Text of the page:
First National Accreditation Program for Public Health Departments Launched Today
Today the Public Health Accreditation Board (PHAB) launched the first national accreditation program for local, tribal and state public health departments with a press conference at the National Press Club in Washington, D.C. The goal of the accreditation program, which was initiated and supported by the Robert Wood Johnson Foundation and the Centers for Disease Control and Prevention (CDC), is to protect and improve Americans’ health by advancing the quality and performance of all of the nation’s public health departments.
“PHAB’s vision for accreditation is to create a reliable national standard for public health,” said Kaye Bender, R.N. , Ph.D, FAAN, President and CEO of PHAB. “PHAB supports health departments in achieving this standard by recognizing the important work they do and by providing support to improve their services.”
National public health accreditation, says Bender, will provide consistent standards so that people in different states and towns have access to the same range and quality of services. Watch an interview with Kaye Bender on the launch of national public health department accreditation:
“With shrinking budgets and a growing number of health challenges to address, there has never been a more important time for public health departments to focus on the best and most efficient ways to keep people healthy,” said James Marks, M.D., MPH, Senior Vice President and Director of the Robert Wood Johnson Foundation’s Health Group. “We believe that accreditation can ensure a strong, transparent public health system and therefore a healthy nation." Watch an interview with James S. Marks on the importance of national public health accreditation to communities:
James Marks, Kaye Bender and Judith Monroe, M.D., F.A.A.F.P., Director of the Office for State, Tribal, Local and Territorial Support at CDC were among the presenters at the accreditation launch to be held at the National Press Club in Washington, D.C., today. Other speakers included health department officers who have already completed many of the steps needed to apply for public health accreditation within the next few months. Their comments include:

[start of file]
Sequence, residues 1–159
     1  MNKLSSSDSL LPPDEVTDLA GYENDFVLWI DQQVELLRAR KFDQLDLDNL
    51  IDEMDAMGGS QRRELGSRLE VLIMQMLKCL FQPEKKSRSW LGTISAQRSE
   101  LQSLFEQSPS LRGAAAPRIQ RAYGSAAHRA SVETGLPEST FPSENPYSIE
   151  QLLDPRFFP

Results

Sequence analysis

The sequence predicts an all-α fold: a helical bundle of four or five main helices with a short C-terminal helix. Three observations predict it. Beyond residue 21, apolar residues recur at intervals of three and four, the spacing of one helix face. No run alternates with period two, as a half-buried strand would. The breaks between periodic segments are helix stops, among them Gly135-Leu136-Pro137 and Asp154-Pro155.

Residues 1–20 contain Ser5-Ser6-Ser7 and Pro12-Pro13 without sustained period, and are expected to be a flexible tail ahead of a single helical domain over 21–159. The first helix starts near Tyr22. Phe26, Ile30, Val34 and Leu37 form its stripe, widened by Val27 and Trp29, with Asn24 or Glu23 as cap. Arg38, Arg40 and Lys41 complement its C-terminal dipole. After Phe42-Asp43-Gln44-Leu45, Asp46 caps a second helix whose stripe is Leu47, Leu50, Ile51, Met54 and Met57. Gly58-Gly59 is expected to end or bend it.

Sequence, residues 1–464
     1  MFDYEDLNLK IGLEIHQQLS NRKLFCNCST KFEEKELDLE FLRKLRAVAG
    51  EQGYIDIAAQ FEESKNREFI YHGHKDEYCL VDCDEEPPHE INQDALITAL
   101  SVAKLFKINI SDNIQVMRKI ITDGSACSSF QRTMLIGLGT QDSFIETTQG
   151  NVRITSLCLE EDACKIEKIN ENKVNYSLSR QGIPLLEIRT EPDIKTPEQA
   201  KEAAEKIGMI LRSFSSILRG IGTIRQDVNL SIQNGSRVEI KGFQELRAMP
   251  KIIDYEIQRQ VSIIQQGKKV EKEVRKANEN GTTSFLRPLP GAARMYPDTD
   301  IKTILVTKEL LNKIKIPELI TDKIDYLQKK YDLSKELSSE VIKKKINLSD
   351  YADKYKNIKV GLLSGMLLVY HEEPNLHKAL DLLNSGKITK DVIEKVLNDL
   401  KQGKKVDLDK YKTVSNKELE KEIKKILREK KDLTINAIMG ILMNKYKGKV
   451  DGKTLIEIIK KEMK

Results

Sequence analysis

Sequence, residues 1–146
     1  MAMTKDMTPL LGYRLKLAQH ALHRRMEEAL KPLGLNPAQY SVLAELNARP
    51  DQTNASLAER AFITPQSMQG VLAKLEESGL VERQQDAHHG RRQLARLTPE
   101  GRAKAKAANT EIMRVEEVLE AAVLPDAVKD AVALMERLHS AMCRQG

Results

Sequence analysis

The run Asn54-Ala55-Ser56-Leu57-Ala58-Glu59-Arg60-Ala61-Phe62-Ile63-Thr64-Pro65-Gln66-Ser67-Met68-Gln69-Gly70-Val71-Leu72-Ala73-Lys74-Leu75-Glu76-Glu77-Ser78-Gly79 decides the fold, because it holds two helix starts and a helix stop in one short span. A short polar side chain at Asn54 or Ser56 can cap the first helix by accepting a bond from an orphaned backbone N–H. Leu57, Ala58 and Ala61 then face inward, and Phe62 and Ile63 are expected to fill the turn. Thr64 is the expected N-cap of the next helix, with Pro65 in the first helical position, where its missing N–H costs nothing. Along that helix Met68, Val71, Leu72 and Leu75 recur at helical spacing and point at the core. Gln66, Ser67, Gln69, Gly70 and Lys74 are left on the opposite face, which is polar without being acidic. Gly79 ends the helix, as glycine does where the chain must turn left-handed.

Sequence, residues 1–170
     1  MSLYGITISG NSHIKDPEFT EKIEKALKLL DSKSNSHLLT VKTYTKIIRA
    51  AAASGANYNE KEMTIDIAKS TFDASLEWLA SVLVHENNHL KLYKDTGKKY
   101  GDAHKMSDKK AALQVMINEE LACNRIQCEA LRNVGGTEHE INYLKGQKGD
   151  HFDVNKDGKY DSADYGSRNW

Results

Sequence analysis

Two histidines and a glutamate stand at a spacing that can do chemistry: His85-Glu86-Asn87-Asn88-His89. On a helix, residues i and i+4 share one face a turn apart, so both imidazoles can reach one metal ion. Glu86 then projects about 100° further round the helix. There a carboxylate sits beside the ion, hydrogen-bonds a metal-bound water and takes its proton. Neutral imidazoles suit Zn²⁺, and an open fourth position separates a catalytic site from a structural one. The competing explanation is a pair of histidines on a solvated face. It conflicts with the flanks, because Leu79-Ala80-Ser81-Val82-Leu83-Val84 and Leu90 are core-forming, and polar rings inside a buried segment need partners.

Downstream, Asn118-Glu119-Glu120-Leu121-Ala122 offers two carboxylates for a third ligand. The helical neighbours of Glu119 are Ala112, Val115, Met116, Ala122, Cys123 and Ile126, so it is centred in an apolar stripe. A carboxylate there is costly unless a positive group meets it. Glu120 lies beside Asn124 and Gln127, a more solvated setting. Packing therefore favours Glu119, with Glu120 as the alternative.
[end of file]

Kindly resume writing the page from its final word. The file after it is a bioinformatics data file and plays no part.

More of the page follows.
- “We are going to use our accreditation credential to show our community that we’re worthy,” said Torney Smith, M.S., Administrator, Spokane Regional Health District, Spokane, Washington.
- "We strive to have a healthy and happy Cherokee nation and a major component of that is advancing the quality and performance of our public health activities," said JT Petherick, J.D., M.B.H., Health Legislative Officer, Cherokee Nation Health Services, Tahlequah, OK.
- "Accreditation is an important tool to use to help build across jurisdictions. Success of public health will be if we use the [accreditation] process to drive performance improvement and along with that are transparent and accountable to others. The potential for future impact from public health accreditation is tremendous," said Paul Jarris, M.D., Executive Director, Association of State and Territorial Health Officers.
- “It’s my hope accreditation will never become an end in itself and that we all will improve the process over time… because the circumstances of protecting us and keeping us safe change over time,” said Bobby Pestronk, M.P.H, Executive Director, National Association of County and City Health Officials. “And I hope accreditation will help others in the community recognize the importance of health departments.”
Watch a Public Health in Action video showcasing health departments working toward health department accreditation: